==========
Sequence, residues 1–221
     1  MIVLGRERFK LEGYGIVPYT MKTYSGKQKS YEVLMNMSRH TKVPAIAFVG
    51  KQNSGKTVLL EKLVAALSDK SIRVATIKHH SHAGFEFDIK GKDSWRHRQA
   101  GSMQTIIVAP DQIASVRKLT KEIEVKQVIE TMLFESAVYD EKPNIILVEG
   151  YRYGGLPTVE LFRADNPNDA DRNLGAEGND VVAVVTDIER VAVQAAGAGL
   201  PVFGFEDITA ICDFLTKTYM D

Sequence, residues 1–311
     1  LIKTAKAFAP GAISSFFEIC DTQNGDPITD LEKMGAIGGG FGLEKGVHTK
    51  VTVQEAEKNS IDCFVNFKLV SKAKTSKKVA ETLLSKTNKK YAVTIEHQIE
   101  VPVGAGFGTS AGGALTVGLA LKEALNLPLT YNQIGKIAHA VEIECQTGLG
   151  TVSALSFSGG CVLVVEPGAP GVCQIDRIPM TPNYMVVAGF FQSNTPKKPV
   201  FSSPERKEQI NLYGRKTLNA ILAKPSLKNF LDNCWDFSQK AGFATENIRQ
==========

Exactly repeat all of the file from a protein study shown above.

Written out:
Sequence, residues 1–221
     1  MIVLGRERFK LEGYGIVPYT MKTYSGKQKS YEVLMNMSRH TKVPAIAFVG
    51  KQNSGKTVLL EKLVAALSDK SIRVATIKHH SHAGFEFDIK GKDSWRHRQA
   101  GSMQTIIVAP DQIASVRKLT KEIEVKQVIE TMLFESAVYD EKPNIILVEG
   151  YRYGGLPTVE LFRADNPNDA DRNLGAEGND VVAVVTDIER VAVQAAGAGL
   201  PVFGFEDITA ICDFLTKTYM D

Sequence, residues 1–311
     1  LIKTAKAFAP GAISSFFEIC DTQNGDPITD LEKMGAIGGG FGLEKGVHTK
    51  VTVQEAEKNS IDCFVNFKLV SKAKTSKKVA ETLLSKTNKK YAVTIEHQIE
   101  VPVGAGFGTS AGGALTVGLA LKEALNLPLT YNQIGKIAHA VEIECQTGLG
   151  TVSALSFSGG CVLVVEPGAP GVCQIDRIPM TPNYMVVAGF FQSNTPKKPV
   201  FSSPERKEQI NLYGRKTLNA ILAKPSLKNF LDNCWDFSQK AGFATENIRQ